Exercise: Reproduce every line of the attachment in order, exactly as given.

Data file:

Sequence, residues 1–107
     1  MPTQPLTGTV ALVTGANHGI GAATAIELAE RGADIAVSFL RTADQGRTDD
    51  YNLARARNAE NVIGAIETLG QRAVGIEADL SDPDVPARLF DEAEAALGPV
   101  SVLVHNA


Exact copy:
Sequence, residues 1–107
     1  MPTQPLTGTV ALVTGANHGI GAATAIELAE RGADIAVSFL RTADQGRTDD
    51  YNLARARNAE NVIGAIETLG QRAVGIEADL SDPDVPARLF DEAEAALGPV
   101  SVLVHNA